Mountain View, CA (PressExposure) November 06, 2011 -- Miles Davis is unquestionably one of the great musicians of the 20th century. During his nearly 50 year career, he was often leading jazz in completely new directions. During such a prolific career, Miles Davis released an amazing number of albums, but many new jazz fans don't know where to start with such a large selection of music. Vinyl Revinyl, a popular music blog with a focus on vinyl records recently compiled the greatest Miles Davis albums.
Alan Bayer, the owner of Vinyl Revinyl, and jazz fan explained: "Miles Davis was an amazing musical innovator. His career spanned many 'phases' of musical innovation. Each one of these phases has at least one exceptional albums that stands out."
In the early days of Davis' career, he was known for playing bebop, which is a fast-paced style of jazz with improvisation based on chord changes. Soon enough, Miles was on the verge of a new style: Cool jazz.
To the cool jazz phase of Davis' career, Bayer suggests that "Birth of the Cool is a classic jazz album and a great example of the cool jazz style".
Soon enough, Davis was innovating Modal Jazz, which features improvisation based on musical modes. It was Davis' 1959 masterpiece "Kind of Blue" most signified this new approach to improvisation.
"Kind of Blue is widely considered the greatest jazz album ever recorded. Any new jazz fan should probably get this album first, although I don't believe it's Davis' most exciting album" Bayer explained.
As Davis achieved greater fame in the later 50's, he found a kindred spirit in Gil Evans, one of Davis' closest collaborators.
With regards to Davis' collaborations with Evans, Bayer said: "The Gil Evans albums are masterpieces, but probably the most important are Sketches of Spain and Miles Ahead."
In the mid 60's, Miles Davis put together a band that became known as the "Second Great Quintet".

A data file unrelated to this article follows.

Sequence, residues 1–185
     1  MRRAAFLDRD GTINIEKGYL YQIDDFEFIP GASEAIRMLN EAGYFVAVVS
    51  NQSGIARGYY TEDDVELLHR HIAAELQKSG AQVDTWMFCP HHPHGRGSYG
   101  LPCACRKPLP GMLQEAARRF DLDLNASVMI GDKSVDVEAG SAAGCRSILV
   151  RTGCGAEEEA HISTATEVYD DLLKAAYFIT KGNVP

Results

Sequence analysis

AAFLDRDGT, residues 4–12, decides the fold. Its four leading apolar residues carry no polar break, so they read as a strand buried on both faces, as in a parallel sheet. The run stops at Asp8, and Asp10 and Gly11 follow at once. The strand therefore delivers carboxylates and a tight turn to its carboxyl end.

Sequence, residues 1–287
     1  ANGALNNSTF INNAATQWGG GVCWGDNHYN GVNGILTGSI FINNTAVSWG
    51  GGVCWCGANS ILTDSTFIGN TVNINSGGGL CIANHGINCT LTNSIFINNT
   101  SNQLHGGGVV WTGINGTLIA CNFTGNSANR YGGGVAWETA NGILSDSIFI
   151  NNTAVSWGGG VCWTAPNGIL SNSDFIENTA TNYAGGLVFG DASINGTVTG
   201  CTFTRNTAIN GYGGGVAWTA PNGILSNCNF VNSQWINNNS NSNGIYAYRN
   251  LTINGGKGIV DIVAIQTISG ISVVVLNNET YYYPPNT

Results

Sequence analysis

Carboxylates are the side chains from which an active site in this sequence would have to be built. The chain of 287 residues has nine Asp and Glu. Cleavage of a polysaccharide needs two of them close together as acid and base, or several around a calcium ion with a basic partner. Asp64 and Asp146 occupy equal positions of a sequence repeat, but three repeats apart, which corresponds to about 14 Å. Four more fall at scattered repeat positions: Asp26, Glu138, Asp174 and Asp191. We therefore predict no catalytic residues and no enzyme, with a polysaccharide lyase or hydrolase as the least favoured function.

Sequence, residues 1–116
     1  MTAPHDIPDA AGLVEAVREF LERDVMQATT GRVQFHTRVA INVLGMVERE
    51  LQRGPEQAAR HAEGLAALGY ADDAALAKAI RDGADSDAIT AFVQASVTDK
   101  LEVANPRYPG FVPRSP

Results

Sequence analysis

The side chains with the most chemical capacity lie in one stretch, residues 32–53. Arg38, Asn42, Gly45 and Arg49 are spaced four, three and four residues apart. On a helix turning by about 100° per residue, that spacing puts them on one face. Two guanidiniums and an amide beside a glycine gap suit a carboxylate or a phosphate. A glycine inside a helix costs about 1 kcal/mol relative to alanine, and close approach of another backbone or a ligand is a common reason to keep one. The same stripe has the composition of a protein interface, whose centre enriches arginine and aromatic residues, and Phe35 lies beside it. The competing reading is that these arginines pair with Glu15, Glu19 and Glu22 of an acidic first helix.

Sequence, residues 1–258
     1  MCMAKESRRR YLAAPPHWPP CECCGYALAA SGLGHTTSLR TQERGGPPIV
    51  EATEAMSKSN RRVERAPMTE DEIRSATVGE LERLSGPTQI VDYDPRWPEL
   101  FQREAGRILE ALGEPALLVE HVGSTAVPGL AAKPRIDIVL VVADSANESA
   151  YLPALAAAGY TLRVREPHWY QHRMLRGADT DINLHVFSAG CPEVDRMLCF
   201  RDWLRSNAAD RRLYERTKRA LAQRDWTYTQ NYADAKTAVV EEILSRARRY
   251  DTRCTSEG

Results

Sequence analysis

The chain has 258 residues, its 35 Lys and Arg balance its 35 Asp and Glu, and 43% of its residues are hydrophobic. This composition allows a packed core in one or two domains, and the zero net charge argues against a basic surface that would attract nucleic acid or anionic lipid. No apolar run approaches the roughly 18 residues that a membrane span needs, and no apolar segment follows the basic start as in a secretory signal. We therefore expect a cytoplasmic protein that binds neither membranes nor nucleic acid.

Interestingly, the music released during this period showed amazing talent and musicianship, but had less to do with Davis as a performer.
Bayer explains: "The interesting thing about what was going on during Davis' second great quintet was how little Davis was contributing. He had the ultimate musical vision, sure, but it was his band that truly made the albums so special. Many of the songs appearing on albums during this era were written by his band members. Miles had an ear for talent, and these albums allowed those talented musicians to shine. ESP, Nefertiti and Filles de Kilimanjaro are probably his best from this era, but no other era in Davis' career was as tight as this era. You can't go wrong with any album he released in the early to mid 60's."
As the 60's were coming to a close, Miles Davis began to show interest in electric instruments. At the time, he was an admirer of musicicans like Sly Stone, James Brown and Jimi Hendrix, and soon enough he would release his own electric albums.
With regards to Miles Davis' electric era, Bayer had this to say: "Bitches Brew is probably Davis' most famous album from this era, and it's a great album, but "In A Silent Way" is more approachable. I'd start there before exploring some of Davis' more experimental electric albums."
By the mid 70's, Davis retired from music for 6 years, then came back in 1981. His later albums are a natural progression from his fusion albums of the 70's. He continued to use electric instruments and find inspiration in young talent. He explored pop music, and in one of his final collaborations (With hip hop producer Easy Mo Bee), explored hip hop.
"It's impossible to sum up the one definitive Miles Davis album, and even within one of his musical phases, it's difficult. The albums mentioned here are great introductions, but to understand the music of Miles Davis, you'll have to dig even further" Bayer concluded.